Are Nuts the Ultimate Anti-Inflammatory Food?

image of a woman eating nuts

We should all be concerned about inflammation, the underlying driver behind a number of chronic diseases, including type 2 diabetes, cardiovascular disease, autoimmune diseases, and cancer. In fact, experts claim that inflammation is linked with almost every chronic health problem in some capacity. Uncontrolled inflammation damages tissues, the inner lining of blood vessels, and even the structure of cells. The inflammation we’re referring to is the low-grade type, without all the redness and pain you experience when you cut or burn yourself. In fact, this type of inflammation is often silent, although, over time, even more deadly.

Fighting Inflammation

When trying to tame the inflammation beast, you might direct your attention towards diet. Researchers believe that certain foods are pro-inflammatory while others fight inflammation. One food they’ve identified with anti-inflammatory activity is nuts. We know that nuts are a nutrient and energy-dense food but they’re also a source of nutrients and phytonutrients that seem to fight inflammation.

How do we know this? Several studies show that eating nuts regularly reduces markers of inflammation in the blood. One of the most recent of these studies was carried out by researchers at Brigham and Women’s Hospital. They analyzed the results of a large study called the Nurses’ Health Study to look for correlations between diet and inflammatory markers. They found that subjects that ate at least five servings of nut weekly, about a handful most days, had significantly lower levels of key inflammatory markers, including IL-6 and C-reactive protein, relative to those who rarely ate nuts. In fact, C-reactive protein was as much as 20% lower in heavy nut eaters.

Although this shows a correlation between nut consumption and reduced inflammatory markers rather than causation, the results held even when they controlled for other factors that might impact inflammation such as age, gender, and other lifestyle habits. Plus, this study is in line with other studies showing a reduction in inflammatory markers in people who eat lots of nuts.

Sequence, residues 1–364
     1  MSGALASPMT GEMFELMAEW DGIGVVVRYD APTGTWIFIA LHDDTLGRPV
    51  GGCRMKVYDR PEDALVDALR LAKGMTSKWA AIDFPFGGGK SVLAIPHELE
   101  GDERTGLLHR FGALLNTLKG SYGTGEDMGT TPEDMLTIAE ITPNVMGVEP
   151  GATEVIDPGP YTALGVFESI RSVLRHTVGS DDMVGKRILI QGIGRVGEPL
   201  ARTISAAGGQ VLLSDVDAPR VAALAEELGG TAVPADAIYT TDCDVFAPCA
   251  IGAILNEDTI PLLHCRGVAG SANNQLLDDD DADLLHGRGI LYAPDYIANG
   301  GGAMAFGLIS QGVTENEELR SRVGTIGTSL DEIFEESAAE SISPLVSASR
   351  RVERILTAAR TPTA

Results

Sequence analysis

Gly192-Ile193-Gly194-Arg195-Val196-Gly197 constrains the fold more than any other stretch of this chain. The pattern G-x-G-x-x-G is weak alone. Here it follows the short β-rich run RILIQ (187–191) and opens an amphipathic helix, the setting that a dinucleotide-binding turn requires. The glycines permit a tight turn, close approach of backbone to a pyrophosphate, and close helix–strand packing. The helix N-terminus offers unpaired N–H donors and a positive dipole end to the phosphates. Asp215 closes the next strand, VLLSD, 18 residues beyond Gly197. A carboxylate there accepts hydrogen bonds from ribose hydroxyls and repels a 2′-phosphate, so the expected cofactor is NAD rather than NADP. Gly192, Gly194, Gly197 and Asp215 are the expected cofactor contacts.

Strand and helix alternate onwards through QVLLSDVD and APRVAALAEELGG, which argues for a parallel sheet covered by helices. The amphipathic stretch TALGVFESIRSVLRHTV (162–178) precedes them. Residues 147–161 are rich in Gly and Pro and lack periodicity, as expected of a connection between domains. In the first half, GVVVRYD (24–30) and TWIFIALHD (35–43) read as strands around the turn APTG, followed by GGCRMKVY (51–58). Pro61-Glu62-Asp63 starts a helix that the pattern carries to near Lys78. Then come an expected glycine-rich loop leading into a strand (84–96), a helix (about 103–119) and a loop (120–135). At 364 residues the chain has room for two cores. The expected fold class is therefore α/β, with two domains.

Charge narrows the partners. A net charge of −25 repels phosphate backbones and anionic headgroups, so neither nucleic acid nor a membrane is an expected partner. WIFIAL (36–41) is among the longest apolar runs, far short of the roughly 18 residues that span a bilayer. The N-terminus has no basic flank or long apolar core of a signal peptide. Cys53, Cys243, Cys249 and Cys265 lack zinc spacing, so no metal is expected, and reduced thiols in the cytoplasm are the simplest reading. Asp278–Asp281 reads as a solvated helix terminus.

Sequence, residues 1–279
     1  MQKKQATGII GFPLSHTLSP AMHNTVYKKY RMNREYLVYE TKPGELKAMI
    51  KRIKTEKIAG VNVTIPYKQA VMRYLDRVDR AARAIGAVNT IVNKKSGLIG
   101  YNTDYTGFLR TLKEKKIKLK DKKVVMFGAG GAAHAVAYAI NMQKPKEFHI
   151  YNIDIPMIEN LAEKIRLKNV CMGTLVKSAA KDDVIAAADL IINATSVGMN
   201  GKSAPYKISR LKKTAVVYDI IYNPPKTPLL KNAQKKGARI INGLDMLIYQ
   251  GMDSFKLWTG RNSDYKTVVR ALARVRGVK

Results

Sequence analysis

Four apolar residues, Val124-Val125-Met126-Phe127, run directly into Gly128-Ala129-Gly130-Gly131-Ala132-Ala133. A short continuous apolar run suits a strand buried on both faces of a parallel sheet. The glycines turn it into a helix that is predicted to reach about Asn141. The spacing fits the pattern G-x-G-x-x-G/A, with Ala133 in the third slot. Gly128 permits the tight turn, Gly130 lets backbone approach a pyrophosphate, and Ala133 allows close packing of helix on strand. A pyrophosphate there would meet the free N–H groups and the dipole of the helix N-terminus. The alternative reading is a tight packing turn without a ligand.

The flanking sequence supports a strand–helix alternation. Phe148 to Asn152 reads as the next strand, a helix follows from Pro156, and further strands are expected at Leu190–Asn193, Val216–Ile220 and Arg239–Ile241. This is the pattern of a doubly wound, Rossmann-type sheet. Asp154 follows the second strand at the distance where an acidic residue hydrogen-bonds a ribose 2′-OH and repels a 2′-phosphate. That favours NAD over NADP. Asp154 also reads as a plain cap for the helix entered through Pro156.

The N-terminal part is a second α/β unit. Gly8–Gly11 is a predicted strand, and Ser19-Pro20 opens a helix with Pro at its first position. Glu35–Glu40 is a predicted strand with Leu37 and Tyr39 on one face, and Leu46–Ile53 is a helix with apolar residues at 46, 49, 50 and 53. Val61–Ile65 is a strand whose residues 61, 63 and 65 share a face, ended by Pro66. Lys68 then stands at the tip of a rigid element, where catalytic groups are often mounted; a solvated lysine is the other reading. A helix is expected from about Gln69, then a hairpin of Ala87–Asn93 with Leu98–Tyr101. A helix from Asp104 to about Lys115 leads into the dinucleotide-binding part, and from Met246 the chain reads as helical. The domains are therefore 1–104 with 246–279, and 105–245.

Can a Handful of Nuts a Day Fight Inflammation?

What’s so special about nuts and why are they linked with reduced inflammation? Nuts are chock full of a variety of components with biological activity. Some of these include healthy fats, fiber, vitamins, minerals, phytosterols, and phenolic compounds that act as antioxidants. Antioxidants help fight oxidative damage, the type that activates the immune system and triggers inflammation. Plus, certain vitamins found in nuts, particularly vitamin E, have antioxidant and anti-inflammatory activity.

Despite the fact that all nuts appear to have anti-inflammatory activity, some might be better suited at fighting inflammation than others. Let’s look at some of the most popular nuts and how they might counter inflammation.


A study discussed on the Live Science website, emphasizes the antioxidant content of walnuts. In fact, research shows that walnuts have double the antioxidant activity of other nuts. Antioxidants fight free radicals that damage cells and trigger inflammation. Plus, you don’t need to eat a lot of walnuts to get the benefits, only about seven walnuts a day. That’s doable! You can add chopped walnuts to salads, hot cereal, or grind them up finely and sprinkle them on vegetables. The healthy fats in walnuts boost the absorption of fat-soluble vitamins too. Walnuts also contain the highest content of short-chain omega-3s of all nuts, a type of fat with anti-inflammatory activity.